Philosophy, philosophy of education, and economic realities

In 2009 Harvey Siegel edited The Oxford Handbook of Philosophy of Education. This article develops a theme, prompted by reflection on several essays in that volume, about the nature of philosophy of education and its relation to philosophy. Siegel’s view that philosophy of education is a branch of philosophy is put to the test, largely via a comparison between philosophy of education and aesthetics. At the other end of the spectrum, Philip Kitcher, another contributor, is attracted to Dewey’s view that philosophy is ‘the general theory of education’. Like Kitcher’s piece, this article does not see philosophy of education as a specialism within philosophy. It warms to Martha Nussbaum’s and Randall Curren’s more practically orientated pieces, as well as to Kitcher’s disturbing analysis of the shift of capital towards East Asia, and the poor prospects many countries have for a humane, democratic society and education system, as their efforts are directed towards economic survival. The last section takes up Kitcher’s suggestion that philosophy of education should bend its efforts to seeing what might be done to raise those prospects.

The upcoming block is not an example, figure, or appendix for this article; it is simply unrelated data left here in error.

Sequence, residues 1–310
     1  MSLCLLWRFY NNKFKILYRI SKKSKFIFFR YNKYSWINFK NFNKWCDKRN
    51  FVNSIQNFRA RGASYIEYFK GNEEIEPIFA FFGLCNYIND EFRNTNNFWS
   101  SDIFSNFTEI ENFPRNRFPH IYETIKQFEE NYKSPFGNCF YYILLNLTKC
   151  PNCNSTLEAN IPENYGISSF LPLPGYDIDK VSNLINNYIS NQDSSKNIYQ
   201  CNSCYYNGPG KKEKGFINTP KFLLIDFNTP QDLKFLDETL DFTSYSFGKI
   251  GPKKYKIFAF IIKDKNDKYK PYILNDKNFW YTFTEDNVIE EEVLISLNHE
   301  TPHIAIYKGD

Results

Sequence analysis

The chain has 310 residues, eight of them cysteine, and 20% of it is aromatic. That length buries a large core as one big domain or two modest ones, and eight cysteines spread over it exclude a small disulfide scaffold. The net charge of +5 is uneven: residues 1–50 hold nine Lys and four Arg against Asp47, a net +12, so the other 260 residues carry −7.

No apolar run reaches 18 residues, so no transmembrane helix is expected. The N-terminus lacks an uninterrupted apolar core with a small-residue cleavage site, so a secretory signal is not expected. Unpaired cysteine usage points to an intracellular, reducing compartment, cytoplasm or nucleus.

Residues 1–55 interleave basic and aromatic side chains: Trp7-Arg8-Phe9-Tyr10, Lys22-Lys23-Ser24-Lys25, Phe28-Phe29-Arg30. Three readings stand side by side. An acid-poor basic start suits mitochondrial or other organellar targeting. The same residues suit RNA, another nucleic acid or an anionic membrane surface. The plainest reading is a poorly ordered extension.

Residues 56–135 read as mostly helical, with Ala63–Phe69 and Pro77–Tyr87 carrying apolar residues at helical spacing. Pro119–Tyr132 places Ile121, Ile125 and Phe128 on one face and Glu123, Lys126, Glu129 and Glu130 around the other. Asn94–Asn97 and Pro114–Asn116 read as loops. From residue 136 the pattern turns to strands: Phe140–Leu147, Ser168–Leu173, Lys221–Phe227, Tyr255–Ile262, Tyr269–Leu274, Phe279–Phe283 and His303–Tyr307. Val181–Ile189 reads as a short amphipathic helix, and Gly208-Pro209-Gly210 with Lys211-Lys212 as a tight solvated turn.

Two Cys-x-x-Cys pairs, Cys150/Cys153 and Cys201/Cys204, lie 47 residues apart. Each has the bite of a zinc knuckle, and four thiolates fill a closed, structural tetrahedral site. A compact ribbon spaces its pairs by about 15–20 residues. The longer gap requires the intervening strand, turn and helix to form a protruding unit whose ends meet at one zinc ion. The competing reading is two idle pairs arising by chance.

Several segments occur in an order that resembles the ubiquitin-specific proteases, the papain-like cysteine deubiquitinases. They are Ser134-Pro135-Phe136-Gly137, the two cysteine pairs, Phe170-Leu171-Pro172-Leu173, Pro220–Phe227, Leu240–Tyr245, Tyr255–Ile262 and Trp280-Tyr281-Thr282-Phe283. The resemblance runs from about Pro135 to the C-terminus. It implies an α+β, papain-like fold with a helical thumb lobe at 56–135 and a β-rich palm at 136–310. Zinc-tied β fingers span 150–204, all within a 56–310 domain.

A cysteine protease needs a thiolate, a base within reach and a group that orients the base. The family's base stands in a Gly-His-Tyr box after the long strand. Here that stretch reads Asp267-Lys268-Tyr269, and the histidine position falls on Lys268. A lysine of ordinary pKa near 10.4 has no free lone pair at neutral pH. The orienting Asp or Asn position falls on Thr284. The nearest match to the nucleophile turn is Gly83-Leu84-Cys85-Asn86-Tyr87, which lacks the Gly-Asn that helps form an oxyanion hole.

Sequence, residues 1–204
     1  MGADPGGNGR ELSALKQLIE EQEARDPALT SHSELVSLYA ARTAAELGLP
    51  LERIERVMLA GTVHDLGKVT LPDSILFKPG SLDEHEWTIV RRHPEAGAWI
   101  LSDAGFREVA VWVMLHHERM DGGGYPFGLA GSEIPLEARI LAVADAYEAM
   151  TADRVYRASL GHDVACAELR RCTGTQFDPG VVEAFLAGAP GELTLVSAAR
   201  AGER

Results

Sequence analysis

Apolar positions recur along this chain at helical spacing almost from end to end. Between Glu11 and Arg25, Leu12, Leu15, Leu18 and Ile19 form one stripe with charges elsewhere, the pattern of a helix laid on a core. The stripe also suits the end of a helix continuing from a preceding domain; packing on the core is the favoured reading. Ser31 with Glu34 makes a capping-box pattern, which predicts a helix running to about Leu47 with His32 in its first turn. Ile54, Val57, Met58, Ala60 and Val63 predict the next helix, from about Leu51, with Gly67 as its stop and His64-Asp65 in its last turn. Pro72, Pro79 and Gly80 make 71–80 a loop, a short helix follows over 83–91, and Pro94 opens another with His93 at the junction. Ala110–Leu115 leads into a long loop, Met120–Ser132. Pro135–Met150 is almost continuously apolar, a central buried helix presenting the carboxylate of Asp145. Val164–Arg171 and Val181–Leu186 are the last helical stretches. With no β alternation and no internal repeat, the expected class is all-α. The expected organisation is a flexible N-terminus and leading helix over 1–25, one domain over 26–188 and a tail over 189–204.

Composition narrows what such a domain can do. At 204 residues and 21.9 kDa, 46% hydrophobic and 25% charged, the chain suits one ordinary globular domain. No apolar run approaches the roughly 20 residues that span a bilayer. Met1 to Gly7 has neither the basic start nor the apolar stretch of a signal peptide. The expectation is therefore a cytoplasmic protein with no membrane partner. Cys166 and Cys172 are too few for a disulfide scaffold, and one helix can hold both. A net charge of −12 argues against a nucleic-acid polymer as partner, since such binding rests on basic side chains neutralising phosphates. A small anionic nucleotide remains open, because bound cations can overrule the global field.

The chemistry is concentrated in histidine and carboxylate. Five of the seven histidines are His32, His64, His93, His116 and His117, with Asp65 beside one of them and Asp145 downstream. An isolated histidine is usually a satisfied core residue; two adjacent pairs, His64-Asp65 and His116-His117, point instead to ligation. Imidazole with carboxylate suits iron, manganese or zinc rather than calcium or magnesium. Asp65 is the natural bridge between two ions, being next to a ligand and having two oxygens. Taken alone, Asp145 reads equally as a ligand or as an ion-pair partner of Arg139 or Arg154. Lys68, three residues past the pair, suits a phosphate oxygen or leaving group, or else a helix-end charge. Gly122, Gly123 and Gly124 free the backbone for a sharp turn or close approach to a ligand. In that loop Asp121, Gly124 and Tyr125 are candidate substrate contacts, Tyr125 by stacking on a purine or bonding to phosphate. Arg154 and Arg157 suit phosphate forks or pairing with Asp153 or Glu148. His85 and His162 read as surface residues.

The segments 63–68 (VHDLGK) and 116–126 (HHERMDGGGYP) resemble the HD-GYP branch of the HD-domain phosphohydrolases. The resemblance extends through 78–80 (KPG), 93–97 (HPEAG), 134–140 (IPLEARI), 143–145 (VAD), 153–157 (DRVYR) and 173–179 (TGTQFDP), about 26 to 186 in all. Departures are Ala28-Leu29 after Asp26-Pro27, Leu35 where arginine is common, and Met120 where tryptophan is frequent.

Read also: The engagement of philosophy of education with other educational research

John White on philosophy of education and philosophy


About Giorgio Bertini

Research Professor. Founder Director at Learning Change Project - Research on society, culture, art, neuroscience, cognition, critical thinking, intelligence, creativity, autopoiesis, self-organization, rhizomes, complexity, systems, networks, leadership, sustainability, thinkers, futures ++
This entry was posted in Education, Philosophy, Philosophy of education and tagged , , . Bookmark the permalink.